• Don Memo: 38th & Sansom Streets. Outside of Spring Break, Don Memo is as close to Mexico as a Penn student can get. Mammoth burritos are the main attraction, with the usual fillings supplemented by fresh avocado and tomato and choice of deeply flavorful red or green hot sauce (your best bet: ask for a little of both). But delicate tacos are equally laudable; with just onions, cilantro and your chosen protein, they serve as a better showcase of Don Memo’s fiercely marinated meat. It’s truly hard to go wrong between steak, chicken and pork, but the off-menu chorizo option, if it’s being offered that day, is the undisputable best bet — fatty, moist and bursting with rich, spicy flavors from south of the border. -Alex Marcus, Editor-in-Chief
• Fresh Fruit Truck: 37th & Spruce Streets. If you want an afternoon pick-me-up or a refreshing, guilt-free treat to satisfy your sweet tooth, stop by the cart at 37th and Spruce — just look for the rainbow umbrella. The colorful variety of fresh cut fruit is sure to please, and don’t forget to ask for a mouth-watering fruit smoothie (they’re not on the written menu). Whipped up on the spot with your choice of fruit, the smoothies burst with freshness and are definitely this cart’s best-kept secret! -Monica Purmalek, Writer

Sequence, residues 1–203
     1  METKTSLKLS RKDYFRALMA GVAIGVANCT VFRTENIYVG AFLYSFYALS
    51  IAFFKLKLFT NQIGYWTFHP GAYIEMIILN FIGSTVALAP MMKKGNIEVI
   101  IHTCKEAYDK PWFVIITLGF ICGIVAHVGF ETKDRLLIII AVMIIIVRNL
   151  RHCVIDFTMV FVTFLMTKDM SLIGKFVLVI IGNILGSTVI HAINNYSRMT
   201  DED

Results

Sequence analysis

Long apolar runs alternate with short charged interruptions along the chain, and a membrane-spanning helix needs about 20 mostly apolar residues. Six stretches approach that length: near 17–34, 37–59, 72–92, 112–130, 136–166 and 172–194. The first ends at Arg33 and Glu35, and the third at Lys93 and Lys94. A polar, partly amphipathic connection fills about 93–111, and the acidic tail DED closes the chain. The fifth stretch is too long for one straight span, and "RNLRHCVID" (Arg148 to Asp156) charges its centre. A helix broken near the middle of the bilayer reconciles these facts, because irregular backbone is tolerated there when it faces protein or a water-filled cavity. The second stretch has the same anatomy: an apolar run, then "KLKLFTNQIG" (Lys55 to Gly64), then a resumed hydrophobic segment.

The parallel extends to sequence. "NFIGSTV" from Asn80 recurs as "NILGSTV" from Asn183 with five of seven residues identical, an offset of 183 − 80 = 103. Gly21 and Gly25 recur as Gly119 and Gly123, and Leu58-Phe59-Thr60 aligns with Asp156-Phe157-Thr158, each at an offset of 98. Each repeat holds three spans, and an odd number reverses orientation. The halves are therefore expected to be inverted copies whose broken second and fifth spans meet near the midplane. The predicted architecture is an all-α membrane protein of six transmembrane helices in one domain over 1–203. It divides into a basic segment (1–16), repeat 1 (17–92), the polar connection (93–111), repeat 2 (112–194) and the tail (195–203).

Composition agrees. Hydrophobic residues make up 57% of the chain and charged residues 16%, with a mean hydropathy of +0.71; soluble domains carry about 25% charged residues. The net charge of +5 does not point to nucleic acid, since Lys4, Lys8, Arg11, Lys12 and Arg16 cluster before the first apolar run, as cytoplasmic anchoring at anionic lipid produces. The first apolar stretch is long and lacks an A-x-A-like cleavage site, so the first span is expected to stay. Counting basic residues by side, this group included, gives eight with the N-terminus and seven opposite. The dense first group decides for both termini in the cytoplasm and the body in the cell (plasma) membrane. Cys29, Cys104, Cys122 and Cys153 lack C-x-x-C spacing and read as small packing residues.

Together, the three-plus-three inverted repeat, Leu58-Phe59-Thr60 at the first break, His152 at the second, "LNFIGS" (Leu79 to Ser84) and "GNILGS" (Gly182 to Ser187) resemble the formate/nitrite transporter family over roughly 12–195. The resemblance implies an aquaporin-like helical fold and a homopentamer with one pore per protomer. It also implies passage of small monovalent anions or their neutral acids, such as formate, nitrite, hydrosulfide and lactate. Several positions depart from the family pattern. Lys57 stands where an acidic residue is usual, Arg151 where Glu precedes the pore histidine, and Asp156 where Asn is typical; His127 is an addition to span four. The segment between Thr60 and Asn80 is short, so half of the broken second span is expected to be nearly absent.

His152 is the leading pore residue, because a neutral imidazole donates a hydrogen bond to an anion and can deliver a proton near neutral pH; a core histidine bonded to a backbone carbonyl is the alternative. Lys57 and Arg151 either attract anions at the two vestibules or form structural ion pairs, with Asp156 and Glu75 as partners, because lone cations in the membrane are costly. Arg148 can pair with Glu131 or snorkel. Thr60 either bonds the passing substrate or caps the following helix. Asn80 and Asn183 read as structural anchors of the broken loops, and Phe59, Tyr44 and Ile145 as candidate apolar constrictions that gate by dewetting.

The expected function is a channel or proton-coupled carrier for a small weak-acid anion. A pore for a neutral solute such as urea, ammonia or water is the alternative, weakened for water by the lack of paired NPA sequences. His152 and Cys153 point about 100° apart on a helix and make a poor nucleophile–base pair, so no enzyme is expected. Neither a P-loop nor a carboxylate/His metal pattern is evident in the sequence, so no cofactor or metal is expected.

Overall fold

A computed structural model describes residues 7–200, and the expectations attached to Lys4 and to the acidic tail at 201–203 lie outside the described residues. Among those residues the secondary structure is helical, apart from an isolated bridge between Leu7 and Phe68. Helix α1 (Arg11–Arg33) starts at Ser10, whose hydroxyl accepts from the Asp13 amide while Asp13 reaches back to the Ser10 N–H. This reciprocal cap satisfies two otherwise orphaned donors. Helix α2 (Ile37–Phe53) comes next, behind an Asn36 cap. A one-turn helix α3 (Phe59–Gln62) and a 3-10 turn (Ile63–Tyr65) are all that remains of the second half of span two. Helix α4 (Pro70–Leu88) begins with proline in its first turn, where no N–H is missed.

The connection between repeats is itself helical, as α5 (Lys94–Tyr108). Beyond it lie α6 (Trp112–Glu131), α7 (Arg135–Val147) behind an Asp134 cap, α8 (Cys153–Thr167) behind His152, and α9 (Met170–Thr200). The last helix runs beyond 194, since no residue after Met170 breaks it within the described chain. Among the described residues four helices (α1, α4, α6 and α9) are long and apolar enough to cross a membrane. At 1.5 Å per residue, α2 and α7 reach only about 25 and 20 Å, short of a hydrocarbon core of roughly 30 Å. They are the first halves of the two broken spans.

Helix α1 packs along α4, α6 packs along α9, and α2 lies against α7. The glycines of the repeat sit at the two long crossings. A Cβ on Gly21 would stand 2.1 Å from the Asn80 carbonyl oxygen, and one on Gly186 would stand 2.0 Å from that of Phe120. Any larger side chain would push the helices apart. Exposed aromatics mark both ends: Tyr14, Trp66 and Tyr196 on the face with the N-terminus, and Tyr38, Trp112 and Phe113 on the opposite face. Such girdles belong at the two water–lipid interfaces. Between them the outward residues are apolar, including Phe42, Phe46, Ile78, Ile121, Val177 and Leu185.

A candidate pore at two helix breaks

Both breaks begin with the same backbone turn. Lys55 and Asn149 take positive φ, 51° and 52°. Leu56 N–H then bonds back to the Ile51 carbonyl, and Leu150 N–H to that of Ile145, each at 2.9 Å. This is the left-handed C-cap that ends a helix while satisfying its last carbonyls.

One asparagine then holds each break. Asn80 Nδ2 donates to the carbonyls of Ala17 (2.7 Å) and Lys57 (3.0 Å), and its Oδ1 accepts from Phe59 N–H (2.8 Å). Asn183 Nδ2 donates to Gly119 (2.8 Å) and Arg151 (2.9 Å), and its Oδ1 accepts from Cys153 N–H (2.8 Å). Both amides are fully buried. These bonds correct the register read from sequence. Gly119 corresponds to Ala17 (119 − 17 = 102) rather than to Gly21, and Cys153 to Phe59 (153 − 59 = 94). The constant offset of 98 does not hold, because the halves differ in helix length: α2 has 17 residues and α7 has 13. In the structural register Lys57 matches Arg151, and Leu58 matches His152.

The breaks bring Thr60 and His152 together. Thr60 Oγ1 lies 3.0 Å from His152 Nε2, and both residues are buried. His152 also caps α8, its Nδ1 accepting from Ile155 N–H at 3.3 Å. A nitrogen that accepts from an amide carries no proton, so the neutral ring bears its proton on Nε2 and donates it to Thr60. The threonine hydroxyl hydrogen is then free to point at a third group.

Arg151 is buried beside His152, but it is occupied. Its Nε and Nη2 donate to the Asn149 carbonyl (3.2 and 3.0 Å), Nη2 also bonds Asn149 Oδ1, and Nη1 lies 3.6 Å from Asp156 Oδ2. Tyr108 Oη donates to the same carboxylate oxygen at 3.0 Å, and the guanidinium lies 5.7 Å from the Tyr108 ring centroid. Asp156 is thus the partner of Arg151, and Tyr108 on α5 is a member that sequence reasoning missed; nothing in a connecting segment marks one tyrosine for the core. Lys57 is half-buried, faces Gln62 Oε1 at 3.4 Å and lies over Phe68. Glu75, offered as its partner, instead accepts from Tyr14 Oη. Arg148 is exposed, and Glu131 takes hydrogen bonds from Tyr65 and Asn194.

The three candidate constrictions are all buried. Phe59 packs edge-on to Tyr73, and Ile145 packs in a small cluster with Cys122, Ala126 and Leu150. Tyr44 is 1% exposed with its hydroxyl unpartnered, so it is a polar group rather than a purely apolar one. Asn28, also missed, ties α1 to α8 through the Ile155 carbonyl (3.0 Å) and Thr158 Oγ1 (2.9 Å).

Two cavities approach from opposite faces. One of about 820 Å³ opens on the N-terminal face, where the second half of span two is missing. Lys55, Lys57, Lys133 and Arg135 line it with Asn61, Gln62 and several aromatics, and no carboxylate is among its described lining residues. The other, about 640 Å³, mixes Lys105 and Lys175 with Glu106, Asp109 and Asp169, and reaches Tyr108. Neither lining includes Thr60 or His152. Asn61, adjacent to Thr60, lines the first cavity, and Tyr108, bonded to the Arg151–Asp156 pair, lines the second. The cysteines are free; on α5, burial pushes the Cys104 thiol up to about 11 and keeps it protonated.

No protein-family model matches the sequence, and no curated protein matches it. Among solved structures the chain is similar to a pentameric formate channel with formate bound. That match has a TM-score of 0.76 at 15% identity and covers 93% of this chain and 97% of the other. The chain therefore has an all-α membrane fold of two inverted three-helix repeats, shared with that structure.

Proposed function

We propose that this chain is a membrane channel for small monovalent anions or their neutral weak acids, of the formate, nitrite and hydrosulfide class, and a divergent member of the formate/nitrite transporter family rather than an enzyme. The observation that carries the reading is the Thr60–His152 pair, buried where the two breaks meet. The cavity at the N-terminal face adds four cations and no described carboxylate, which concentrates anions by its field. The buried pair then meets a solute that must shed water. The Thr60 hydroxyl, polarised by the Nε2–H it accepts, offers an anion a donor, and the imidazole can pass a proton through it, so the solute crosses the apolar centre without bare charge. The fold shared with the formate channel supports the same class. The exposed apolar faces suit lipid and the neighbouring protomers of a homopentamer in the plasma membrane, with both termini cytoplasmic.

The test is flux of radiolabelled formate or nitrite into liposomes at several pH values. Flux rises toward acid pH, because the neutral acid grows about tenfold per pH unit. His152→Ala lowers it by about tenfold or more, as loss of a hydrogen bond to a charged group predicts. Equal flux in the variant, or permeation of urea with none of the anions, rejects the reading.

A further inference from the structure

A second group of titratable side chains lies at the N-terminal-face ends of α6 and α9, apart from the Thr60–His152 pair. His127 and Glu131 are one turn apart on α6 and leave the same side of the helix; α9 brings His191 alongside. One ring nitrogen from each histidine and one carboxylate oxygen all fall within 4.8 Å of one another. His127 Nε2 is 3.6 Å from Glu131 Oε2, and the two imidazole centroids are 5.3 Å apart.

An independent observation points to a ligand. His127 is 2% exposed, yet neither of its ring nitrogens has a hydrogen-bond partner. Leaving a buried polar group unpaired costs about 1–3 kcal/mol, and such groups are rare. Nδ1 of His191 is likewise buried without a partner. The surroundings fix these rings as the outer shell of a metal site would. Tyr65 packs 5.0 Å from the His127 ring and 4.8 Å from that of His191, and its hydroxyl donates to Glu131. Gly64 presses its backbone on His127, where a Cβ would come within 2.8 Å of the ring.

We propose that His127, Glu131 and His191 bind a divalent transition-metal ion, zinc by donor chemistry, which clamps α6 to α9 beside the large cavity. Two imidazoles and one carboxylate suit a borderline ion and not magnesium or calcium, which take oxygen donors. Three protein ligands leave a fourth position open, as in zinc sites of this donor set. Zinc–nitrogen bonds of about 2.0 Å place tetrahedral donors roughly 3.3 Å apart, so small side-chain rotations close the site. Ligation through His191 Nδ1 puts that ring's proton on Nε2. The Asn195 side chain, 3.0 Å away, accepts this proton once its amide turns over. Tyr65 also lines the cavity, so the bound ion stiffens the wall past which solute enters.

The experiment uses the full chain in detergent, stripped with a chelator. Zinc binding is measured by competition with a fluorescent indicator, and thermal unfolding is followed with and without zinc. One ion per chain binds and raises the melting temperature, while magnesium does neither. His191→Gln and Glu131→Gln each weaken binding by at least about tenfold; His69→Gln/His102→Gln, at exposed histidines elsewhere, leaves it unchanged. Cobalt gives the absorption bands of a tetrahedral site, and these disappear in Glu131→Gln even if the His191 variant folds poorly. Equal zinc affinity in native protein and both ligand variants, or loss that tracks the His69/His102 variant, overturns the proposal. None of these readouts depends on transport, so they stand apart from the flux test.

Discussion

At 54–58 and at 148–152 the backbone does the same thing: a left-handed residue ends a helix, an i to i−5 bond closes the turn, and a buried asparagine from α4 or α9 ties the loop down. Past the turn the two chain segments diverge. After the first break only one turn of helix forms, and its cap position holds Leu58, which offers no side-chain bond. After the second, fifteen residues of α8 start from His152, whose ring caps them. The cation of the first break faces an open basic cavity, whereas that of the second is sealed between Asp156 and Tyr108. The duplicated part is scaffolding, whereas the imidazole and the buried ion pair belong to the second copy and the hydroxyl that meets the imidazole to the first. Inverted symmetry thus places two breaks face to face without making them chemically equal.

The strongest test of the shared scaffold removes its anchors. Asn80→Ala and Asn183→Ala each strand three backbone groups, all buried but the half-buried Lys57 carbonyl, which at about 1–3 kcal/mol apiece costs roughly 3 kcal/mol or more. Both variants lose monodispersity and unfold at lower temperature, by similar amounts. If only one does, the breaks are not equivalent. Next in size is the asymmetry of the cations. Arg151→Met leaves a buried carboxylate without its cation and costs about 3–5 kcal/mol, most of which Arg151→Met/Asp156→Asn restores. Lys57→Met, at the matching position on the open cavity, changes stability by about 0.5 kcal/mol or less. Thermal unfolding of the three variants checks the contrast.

• Bui’s Lunch Truck: 38th & Spruce Streets. Bui’s offers simple yet filling breakfast and lunch fare, with many of their options cradled in slightly toasted, footlong baguettes that are crusty on the outside and soft within. The truck is renowned for its Hangover Special, a monstrous sandwich overflowing with egg, cheese, bacon, ham and sausage. Add tongue-tingling “Bui’s sauce” for a kick and you’re in for one satisfying meal; the recipe is a secret but it tastes like a sriracha mayo. The friendly Vietnamese couple running this no-frills sandwich stop has developed quite a following, so expect a line of ravenous college students that look like they’ve just rolled out of bed. -Nicole Woon, Blog Editor